Exercise Helps Chronic Fatigue Syndrome
30 Minutes of Exercise -- Several Times a Week -- Boosts Energy Levels
WebMD News Archive
July 22, 2004 -- With three months of regular exercise, chronic fatigue syndrome sufferers can get renewed energy, a new report shows.
Chronic fatigue syndrome has long been a mystery -- a major health problem that severely affects quality of life, even the ability to carry on with usual day-to-day activities. Doctors still aren't sure what causes chronic fatigue -- whether it's somehow caused by a viral or bacterial infection, whether it is an immune system disorder, or whether the nervous and hormonal systems are involved.
Treatment typically focuses on reducing fatigue and other symptoms and helping get patients back into an active lifestyle. Simple measures - such as improving sleep habits and getting gentle exercise -- are important parts of treatment. Relaxation therapy, antidepressants, psychotherapy, and exercise are also prescribed to combat the severe fatigue.
But what really works? Exercise therapy looks like a strong contender.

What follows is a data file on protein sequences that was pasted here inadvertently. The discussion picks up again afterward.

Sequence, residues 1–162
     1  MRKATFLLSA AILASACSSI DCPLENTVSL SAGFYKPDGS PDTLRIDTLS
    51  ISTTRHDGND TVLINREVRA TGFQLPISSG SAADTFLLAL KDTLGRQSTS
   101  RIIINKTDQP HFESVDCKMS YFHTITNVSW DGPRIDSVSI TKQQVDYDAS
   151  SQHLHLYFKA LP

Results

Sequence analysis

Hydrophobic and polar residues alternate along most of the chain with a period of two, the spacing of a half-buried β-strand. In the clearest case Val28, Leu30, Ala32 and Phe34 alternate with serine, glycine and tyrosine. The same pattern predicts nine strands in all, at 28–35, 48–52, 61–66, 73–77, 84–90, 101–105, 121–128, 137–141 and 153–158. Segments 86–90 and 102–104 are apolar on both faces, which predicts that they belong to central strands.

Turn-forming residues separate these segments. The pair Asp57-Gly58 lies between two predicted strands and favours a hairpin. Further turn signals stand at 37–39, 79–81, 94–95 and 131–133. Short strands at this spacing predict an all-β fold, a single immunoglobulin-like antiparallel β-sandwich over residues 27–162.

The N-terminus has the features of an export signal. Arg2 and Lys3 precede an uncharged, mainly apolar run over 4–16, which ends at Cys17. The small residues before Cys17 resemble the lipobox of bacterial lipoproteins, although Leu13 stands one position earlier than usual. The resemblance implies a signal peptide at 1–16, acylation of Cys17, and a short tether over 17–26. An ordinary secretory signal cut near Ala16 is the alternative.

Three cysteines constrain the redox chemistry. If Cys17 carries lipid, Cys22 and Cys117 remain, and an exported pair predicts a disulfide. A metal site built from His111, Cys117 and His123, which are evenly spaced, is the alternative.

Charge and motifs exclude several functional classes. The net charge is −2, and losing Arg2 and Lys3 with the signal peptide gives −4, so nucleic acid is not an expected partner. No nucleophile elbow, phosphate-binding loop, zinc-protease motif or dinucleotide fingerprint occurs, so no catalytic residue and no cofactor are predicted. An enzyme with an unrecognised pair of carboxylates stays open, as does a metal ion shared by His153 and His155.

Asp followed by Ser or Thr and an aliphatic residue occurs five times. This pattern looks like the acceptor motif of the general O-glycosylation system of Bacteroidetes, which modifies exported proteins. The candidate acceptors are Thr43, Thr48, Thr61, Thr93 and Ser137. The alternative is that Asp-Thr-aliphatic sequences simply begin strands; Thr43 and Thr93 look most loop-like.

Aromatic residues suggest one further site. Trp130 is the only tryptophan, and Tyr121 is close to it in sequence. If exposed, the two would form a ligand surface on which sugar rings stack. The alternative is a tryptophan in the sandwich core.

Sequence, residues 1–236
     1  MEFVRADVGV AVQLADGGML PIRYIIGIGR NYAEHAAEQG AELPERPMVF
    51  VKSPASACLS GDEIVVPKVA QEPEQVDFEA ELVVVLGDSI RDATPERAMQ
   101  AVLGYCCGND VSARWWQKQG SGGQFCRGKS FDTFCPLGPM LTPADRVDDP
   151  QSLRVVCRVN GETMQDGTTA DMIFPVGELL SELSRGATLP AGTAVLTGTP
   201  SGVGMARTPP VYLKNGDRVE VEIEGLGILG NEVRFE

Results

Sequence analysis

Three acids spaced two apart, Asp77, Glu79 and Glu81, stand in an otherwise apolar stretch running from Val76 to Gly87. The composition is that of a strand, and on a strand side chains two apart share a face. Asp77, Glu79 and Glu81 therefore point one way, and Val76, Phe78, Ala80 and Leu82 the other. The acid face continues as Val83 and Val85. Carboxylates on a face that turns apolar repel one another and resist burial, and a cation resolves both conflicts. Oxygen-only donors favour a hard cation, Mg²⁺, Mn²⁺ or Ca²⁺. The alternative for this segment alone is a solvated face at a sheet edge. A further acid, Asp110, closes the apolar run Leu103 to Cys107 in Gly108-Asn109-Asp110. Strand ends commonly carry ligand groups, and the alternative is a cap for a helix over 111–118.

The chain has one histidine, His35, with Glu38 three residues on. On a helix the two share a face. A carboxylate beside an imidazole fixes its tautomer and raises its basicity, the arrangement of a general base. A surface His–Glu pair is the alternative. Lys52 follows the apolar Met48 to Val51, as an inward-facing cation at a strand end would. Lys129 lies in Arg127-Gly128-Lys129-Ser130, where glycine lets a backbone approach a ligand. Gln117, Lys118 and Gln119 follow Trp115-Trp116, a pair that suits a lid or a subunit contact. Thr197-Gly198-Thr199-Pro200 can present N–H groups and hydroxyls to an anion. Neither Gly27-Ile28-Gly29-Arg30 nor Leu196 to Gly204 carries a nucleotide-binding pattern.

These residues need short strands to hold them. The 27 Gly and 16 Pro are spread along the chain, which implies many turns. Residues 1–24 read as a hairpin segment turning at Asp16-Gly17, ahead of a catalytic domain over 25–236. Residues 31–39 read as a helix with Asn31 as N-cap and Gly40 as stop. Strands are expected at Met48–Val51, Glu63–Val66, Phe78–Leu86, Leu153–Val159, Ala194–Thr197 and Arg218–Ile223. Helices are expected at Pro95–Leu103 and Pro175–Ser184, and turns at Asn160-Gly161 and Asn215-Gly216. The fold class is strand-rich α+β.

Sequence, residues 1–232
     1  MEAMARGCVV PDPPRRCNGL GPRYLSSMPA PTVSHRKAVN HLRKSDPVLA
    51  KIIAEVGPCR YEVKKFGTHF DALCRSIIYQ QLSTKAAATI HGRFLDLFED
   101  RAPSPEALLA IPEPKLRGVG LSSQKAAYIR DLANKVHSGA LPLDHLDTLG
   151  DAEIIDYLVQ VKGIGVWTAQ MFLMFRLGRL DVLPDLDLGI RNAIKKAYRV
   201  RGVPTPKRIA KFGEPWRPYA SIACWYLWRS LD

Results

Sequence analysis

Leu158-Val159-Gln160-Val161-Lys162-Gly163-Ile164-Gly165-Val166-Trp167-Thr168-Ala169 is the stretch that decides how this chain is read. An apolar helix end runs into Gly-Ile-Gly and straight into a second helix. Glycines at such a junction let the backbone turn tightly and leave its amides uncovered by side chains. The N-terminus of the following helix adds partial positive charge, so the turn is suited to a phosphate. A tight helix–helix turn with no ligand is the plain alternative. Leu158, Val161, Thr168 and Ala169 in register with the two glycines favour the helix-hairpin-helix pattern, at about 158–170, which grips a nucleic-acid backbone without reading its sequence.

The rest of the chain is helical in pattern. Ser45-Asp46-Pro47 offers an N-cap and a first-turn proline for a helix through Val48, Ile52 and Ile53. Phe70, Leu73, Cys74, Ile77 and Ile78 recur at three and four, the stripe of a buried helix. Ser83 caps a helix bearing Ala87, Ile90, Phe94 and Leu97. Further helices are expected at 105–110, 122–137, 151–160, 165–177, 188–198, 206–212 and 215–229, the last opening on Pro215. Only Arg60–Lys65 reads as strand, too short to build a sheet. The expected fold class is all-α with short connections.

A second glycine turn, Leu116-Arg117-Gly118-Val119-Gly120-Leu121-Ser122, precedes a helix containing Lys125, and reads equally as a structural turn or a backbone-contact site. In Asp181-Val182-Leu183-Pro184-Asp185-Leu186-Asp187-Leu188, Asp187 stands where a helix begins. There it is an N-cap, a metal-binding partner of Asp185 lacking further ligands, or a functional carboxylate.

In this review of several studies on chronic fatigue therapies, both fatigue and quality of life improved with three months of exercise therapy. "There is some evidence that [Prozac] provided an added benefit," writes researcher M. Edmonds with the Cochrane Collaboration research group.
Edmonds' report provides a review of data from five studies (involving more than 300 chronic fatigue patients) comparing results of treatments including exercise therapy.
Exercise therapy is typically defined as three to five exercise sessions every week for 12 weeks; each session involves 30 minutes of moderate to intense levels of aerobic exercise.
Patients doing exercise therapy were significantly less fatigued, slightly less depressed, had better physical functioning, slept better, and were better able to work, compared with patients who got no exercise, reports Edmonds. The exercise therapy patients were also more likely to drop out of the studies.
Those who exercised were less fatigued and had a better quality of life than those taking the antidepressant Prozac as their only therapy. However, treatment with exercise plus Prozac was more effective than exercise alone.
"There is encouraging evidence that some patients may benefit from exercise therapy" -- although some patients will likely find exercise less preferable than resting or pacing, Edmonds writes.